Sweet Peppers (Capsicum annuum) – The Fresh Bites Series – Kitchen Mini’s

This series of mini peppers includes Fresh Bites Orange, Red and Yellow. They are a zero on the Scoville (SHU) heat scale. Height: 30 - 38 cm. Spread: 15 – 20 cm. Can be used in a myriad of recipes and eaten fresh as well.

Fresh Bites Peppers should be kept inside in a sunny window until our nights reach 12 -23 C. They need a well-drained soil. Heat and drought tolerant. Water only when there is a slight wilt to the leaves and the top 5 cm. of the soil is dry. Peppers like their fertilizer! Water every two weeks with a water soluble veggie fertilizer. When fertilizing, water your peppers with clear water first. Let it drain through then follow up with the water soluble veggie fertilizer.

Hot Peppers ( Capsicum annuum) – Kitchen Mini’s

The hot peppers make up the largest group in the Kitchen Mini’s selection.

As we all know, hot peppers add a spicy kick to any recipe. They can be eaten fresh or dried. Please follow care instructions as per Sweet Peppers.

These hot peppers start out green and depending on variety, mature into colors of yellow, orange, and red. Take note that each pepper variety may have all ripening colors on the plant at the same time.

Hot Burrito – Heat Scale: 1 out of 5. Mildly spicy. Height: 18-23 cm. Fruit begins as lime green then transitions to bright red when ripe.

Adobo – Heat Scale: 2 out of 5. Cone-shaped, hot banana type red pepper when ripe. Thick walls and slightly sweet when ripe with a mild to medium heat. Height: 30-36 cm. Spread: 20-25 cm.

Hot Faqita - Heat Scale: 3 out of 5. A fleshy, spicy pepper. Height: 25-30 cm. Spread: 20-25 cm. Long tapered lime green fruit matures to red.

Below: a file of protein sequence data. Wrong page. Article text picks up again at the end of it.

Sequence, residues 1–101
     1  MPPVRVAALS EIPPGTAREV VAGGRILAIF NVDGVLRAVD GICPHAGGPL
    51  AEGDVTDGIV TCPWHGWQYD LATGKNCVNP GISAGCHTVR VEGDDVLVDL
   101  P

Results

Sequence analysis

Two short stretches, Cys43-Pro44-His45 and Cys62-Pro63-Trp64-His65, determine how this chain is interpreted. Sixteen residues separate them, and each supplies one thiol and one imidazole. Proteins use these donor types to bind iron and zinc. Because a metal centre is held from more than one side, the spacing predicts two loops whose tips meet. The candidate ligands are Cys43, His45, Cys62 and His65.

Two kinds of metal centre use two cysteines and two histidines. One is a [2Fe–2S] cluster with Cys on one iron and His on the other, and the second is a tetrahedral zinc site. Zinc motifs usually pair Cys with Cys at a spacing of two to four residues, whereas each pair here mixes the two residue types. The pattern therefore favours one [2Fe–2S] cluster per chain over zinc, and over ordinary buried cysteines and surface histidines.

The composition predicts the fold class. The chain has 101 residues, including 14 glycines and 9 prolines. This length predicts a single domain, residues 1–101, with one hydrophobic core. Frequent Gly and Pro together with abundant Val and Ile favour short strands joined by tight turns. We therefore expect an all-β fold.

Cosmo – Heat Scale: 2 out of 5. Height: 25-30 cm. Spread: 20-25 cm. Purple to red when mature. Snack-sized fruit. Purple to red when fully ripe.

Hot Joker - Heat Scale: 2 out of 5 Height: 30-36 cm. Spread: 20-25 cm. Fruit begins with a lime green color and brightens to a bright red when ripe. Deep red when dried.

Tamale – Heat Scale: 2 out of 5 Height: 15-20 cm. Spread: 20 cm. A jalapeno type with a blunt conical shape. Red when ripe. Thick walled pepper, crisp and juicy.

Pinata - Heat Scale: 3 out of 5 Height: 20-25 cm. Spread: 20-25 cm. Ripening color begins with a lime green to red at maturity. Thin walls.

Taquito – This is a very small pepper plant. Heat Scale: 3 out of 5. Cone-shaped peppers that ripen from green to bright red.

Lemon Zest – Spiciest of the Kitchen Mini’s Hot Peppers. Heat Scale: 5 out of 5. A Habanero variety. Height: 30-36 cm. Spread: 30-36 cm. Its fruit is fully ripe when lemon yellow.


FYI: The Kitchen Mini’s group of vegetables have been bred specifically for container growing. All are non GMO and growth regulators have not been used.

Kitchen Mini’s are brought to you in North America by the Pan American Seed Company.

In spring of 2024 look for Quick Snack Edible Potted Cucumber in the Kitchen Mini family!

Thrips love pepper plants. Place some sticky cards among your pepper pots and change these cards regularly.

Tomato and Pepper leaves and stems are toxic to humans and pets. Unripe tomatoes are toxic to cats and dogs.